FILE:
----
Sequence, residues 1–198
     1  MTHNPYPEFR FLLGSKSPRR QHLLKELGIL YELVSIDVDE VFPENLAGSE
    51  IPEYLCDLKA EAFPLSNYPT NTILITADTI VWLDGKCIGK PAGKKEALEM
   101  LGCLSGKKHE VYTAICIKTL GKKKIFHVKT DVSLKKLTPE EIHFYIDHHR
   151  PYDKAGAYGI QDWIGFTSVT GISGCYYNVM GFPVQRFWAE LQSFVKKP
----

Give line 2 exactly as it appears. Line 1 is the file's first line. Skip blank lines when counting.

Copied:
     1  MTHNPYPEFR FLLGSKSPRR QHLLKELGIL YELVSIDVDE VFPENLAGSE